Setter’s ‘Spectives: The Long Cinematic Torture of ‘Inherent Vice’

Setter Drawing for Blog 082613I knew Inherent Vice was going to be a big, sloppy movie. I just didn’t know how much.

And I didn’t know it was going to be awful, either.

Boy, was this a plodding film. The Paul Thomas Anderson-directed (and -written, based in the novel by Thomas Pynchon) story of a dope-addled P.I. out to uncover various uninteresting mysteries in 1970 California, Inherent Vice isn’t nearly as funny as it thinks it is. And it’s more pretentious, to boot. Plus, there’s the addition of some bland narration, which suggests that the film doesn’t trust its audience to make its own judgments.

That’s a problem. Good movies have faith in their viewers. They coax people along, encourage them. Bad movies hold their audiences at bay, alienate them. And that’s exactly how I felt while watching Inherent Vice.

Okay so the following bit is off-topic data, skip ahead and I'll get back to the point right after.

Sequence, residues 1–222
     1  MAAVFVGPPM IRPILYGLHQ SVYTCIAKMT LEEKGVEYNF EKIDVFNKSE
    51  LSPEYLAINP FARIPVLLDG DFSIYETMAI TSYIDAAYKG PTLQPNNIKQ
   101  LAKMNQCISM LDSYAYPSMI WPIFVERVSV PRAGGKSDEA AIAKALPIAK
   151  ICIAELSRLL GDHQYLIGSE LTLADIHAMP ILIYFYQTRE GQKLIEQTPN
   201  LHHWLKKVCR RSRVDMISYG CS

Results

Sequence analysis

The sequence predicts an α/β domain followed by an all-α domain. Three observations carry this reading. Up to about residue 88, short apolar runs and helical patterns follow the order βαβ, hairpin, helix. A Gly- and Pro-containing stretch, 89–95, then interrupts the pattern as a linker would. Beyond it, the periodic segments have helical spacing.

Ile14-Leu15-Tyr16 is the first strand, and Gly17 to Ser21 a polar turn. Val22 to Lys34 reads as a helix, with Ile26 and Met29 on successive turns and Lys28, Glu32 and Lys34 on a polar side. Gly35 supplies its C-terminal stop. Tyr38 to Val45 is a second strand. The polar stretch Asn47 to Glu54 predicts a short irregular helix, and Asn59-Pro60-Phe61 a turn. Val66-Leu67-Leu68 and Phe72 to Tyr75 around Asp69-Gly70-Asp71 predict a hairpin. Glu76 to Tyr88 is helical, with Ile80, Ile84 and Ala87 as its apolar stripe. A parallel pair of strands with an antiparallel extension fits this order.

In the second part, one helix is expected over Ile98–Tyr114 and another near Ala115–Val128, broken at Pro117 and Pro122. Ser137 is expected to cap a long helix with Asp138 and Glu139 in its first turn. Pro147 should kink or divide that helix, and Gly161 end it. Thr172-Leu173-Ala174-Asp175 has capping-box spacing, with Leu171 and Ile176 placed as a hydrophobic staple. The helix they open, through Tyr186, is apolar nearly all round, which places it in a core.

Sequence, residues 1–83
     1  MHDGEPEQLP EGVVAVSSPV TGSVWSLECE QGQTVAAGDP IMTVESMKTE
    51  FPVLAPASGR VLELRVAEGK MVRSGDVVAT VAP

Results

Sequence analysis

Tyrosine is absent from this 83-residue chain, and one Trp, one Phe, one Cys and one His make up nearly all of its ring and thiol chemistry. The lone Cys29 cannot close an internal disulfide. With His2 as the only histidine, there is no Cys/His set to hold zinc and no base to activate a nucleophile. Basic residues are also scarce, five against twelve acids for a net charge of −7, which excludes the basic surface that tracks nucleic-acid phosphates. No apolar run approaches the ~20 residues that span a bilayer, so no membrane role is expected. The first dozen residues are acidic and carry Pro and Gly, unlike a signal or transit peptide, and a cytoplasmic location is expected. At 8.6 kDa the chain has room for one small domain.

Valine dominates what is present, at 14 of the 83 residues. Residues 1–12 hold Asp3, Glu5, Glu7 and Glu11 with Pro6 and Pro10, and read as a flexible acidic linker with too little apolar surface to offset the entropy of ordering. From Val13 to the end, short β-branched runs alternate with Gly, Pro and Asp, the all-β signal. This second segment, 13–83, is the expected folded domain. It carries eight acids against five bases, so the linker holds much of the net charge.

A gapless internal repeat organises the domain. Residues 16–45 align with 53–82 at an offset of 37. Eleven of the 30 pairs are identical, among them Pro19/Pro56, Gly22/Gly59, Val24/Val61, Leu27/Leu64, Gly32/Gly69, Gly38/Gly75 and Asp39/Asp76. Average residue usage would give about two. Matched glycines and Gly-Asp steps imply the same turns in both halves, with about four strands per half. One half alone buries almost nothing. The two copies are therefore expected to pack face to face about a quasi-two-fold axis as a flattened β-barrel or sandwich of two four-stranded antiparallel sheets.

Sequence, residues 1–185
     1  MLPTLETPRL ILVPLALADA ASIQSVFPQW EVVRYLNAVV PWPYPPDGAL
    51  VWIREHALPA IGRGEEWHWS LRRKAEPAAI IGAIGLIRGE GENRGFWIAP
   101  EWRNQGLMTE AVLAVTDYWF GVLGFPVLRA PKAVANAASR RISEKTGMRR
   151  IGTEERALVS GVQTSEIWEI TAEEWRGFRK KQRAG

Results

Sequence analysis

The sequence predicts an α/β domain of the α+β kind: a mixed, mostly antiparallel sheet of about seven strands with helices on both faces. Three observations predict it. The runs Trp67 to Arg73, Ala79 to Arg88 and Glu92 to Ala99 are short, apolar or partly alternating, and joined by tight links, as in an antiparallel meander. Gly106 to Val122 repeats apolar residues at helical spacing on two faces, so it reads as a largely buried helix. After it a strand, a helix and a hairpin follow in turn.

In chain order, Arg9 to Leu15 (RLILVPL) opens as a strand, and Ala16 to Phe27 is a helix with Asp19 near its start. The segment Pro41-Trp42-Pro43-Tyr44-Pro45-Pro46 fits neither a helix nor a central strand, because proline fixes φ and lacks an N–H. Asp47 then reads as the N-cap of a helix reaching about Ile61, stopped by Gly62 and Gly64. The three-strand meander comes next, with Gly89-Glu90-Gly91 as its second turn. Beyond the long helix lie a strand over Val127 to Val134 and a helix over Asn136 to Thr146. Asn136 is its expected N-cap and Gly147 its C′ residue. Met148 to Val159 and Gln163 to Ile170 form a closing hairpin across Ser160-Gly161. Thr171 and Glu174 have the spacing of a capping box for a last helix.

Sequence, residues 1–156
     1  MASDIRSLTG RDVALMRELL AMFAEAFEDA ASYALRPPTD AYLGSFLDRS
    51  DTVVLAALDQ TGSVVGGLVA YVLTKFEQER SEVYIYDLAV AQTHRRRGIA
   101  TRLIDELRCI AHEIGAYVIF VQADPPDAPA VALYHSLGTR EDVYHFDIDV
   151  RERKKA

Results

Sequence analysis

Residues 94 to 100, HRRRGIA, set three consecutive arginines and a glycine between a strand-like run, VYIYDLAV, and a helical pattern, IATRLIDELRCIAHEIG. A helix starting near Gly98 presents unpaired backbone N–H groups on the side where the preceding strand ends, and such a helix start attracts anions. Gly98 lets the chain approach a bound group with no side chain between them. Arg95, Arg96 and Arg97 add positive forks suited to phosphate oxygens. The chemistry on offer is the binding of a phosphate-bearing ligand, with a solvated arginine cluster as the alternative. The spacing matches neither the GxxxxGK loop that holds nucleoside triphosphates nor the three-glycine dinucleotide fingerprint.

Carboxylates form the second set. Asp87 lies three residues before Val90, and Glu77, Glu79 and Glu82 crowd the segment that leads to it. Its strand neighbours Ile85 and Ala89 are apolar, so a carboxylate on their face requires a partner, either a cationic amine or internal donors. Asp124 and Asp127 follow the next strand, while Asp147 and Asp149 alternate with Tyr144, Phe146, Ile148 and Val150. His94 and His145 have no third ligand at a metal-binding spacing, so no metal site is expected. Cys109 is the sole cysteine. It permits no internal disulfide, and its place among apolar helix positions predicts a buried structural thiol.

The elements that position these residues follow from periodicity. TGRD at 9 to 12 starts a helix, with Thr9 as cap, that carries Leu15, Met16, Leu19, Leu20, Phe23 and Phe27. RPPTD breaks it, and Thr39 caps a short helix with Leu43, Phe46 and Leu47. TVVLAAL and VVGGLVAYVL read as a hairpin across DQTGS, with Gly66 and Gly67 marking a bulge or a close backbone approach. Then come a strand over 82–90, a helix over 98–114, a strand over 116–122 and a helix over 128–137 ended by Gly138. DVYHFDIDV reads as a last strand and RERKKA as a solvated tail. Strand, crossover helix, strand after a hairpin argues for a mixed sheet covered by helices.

Much of this movie should’ve ended up on the cutting-room floor; there are all kinds of little idiosyncratic bits that purportedly suggest character development but ultimately fail in providing solid context. What results is a tedious mess. Too bad, because it could’ve been so much better.

I like Pynchon, but I think Inherent Vice, as a movie, doesn’t succeed. There’s originality here, but it’s not enough to carry it. For such a tiresome picture, it feels strangely rushed. That’s just another reason not to like it. Oh, well.

Setter’s ‘Spectives: Driving Along With Spielberg’s ‘Duel’

Setter Drawing for Blog 082613Would you believe I’d never seen the Steven Spielberg movie Duel until last night?

A real shame, huh? Especially considering the fact that I’ve seen a host of other films helmed by the master director.

Duel, the story of an average businessman’s encounter with a homicidal, unseen truck driver on the lonely roads of California, was very tense and suspenseful. Great editing and cinematography, making the most of a tight script that was only hindered by a few bursts of internal monologues here and there … which it didn’t need.

I liked this movie a lot, and it was interesting to see such a strong picture so early in Spielberg’s career (the movie debuted in 1971). I’m not sure I’d want to watch it again; it’s not clear how the suspense and thrills will hold up. But it remains a well-crafted movie.

What film will come next for me? Only the screen has the answer.